I added proper voltage control with ADC ADS1115, it’s a 16-bit AD-converter, input covers a range from 0-10V. There is also pulse out added, all four op-amps are now in use.
I also played with driving multiple oscillators (they are not really oscialltors, I don’t know how to call them) with one Arduino but it’s tricky. I will give an update when there is any progress on this topic.
Inspired me to have a play and I thought it would be a good challenge to try to copy the idea “blind”.
I didn’t have the ADC/DAC parts on hand (they have arrived today though so when I get time I’ll play) so I thought I’d see what I could do with the internal 10 bit ADC.
Due to lack of time I have only focused on the arduino side - getting the square wave output from it but not building the actual DCO part yet. Since I had the low resolution to play with I tried using just 0-5V control, but adding in switchable octaves. Since I didn’t want to play around with the interrupts too much myself, I used the TimerOne library to simplify it.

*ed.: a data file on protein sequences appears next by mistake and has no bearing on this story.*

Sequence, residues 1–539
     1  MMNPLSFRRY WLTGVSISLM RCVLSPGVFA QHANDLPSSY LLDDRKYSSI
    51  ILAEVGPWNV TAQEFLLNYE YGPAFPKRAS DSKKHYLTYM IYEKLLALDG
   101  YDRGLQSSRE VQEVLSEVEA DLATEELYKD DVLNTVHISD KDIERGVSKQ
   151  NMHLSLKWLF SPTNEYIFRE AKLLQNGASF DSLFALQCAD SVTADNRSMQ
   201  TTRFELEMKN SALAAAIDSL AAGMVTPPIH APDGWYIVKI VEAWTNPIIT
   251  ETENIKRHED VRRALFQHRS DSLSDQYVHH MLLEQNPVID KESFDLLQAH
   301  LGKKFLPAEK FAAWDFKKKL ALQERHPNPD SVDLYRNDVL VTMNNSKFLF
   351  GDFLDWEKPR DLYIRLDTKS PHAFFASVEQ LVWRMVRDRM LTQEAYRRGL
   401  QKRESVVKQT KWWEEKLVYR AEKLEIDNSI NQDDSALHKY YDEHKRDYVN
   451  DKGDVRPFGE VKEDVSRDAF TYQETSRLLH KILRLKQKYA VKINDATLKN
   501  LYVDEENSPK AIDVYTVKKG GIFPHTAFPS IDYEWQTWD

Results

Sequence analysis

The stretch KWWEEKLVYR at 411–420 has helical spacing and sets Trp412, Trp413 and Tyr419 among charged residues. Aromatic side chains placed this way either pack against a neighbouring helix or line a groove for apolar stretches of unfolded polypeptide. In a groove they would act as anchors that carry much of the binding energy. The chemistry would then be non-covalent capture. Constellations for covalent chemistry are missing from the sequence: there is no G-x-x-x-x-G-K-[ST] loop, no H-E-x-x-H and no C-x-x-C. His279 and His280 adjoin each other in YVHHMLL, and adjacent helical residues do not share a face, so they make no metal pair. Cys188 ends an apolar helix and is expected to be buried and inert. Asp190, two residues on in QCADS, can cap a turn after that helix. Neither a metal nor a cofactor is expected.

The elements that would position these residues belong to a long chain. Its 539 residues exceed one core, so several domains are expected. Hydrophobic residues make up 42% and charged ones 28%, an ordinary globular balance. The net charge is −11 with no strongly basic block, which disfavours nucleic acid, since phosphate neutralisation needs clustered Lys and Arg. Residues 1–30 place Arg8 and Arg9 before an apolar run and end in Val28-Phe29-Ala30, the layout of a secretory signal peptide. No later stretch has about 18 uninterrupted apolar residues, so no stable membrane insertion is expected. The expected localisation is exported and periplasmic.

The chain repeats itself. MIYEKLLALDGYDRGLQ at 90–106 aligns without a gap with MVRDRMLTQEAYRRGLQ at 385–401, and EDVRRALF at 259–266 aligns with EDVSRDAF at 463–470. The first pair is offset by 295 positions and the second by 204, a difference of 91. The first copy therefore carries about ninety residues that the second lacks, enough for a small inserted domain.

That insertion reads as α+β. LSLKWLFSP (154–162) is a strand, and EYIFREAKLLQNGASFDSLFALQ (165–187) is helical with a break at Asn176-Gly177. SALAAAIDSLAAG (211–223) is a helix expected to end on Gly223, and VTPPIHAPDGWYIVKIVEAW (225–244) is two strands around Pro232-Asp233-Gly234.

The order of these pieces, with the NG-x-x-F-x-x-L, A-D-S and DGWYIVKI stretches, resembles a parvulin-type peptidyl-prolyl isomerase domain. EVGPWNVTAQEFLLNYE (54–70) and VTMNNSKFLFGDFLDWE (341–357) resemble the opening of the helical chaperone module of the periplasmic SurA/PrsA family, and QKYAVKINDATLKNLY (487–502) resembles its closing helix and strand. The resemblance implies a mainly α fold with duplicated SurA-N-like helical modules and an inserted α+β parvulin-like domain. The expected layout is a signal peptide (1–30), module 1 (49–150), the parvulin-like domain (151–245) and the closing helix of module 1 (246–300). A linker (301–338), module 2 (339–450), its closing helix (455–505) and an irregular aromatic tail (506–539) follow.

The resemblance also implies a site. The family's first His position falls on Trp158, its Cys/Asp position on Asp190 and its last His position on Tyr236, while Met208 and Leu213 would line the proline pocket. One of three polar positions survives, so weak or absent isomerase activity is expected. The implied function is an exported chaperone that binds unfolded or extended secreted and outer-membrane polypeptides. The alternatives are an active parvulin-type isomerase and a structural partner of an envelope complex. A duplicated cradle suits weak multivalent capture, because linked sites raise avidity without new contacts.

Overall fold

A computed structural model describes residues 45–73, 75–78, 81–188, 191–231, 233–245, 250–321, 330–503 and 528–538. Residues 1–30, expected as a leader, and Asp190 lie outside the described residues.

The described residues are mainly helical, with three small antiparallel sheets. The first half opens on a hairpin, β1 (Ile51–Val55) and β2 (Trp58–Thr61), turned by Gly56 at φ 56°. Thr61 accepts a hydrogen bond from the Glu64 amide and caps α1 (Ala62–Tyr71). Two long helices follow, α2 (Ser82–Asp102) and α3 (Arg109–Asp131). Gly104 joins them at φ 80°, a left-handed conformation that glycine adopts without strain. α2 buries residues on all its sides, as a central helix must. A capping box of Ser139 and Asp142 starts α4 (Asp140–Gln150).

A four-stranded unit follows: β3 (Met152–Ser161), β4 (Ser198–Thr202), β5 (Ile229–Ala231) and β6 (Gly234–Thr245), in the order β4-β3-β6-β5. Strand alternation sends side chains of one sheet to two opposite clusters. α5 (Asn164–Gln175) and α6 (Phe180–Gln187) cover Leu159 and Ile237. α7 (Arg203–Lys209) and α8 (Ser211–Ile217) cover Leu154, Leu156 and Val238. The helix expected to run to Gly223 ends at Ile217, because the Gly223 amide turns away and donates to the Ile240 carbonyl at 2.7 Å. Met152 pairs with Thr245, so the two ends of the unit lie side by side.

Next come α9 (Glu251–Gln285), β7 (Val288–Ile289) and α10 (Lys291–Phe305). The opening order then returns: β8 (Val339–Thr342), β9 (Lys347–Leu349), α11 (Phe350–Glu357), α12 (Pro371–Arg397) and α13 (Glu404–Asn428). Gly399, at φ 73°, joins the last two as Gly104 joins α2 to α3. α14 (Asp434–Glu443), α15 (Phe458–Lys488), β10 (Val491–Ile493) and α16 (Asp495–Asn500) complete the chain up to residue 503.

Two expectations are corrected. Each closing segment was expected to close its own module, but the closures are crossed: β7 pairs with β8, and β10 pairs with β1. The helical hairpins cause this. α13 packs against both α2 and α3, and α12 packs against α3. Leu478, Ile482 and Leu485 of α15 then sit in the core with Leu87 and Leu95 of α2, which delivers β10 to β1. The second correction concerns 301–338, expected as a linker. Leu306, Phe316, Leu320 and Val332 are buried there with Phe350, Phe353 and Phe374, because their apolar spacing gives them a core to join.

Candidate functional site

Pretty happy with what I got so far, though I will definitely change to use the ADC and DAC like you have. I was thinking of using the extra channels of the ADC to add control knobs and possibly a second CV input, avoiding the need to do analogue mixing of the voltages. Two CV inputs and one “course” and one “fine” tuning knobs would be good. Perhaps one CV could be 0-10V and the other a full +/-10V(?). Just thinking out loud really.
NOTE: I use PlatformIO to upload the code to the Arduino, but if you use the Arduino IDE you should be able to just take the src/main.cpp file and rename it to main.ino or whatever and remove the #include <Arduino.h> line from the top. Make sure you have the TimerOne library available to the IDE.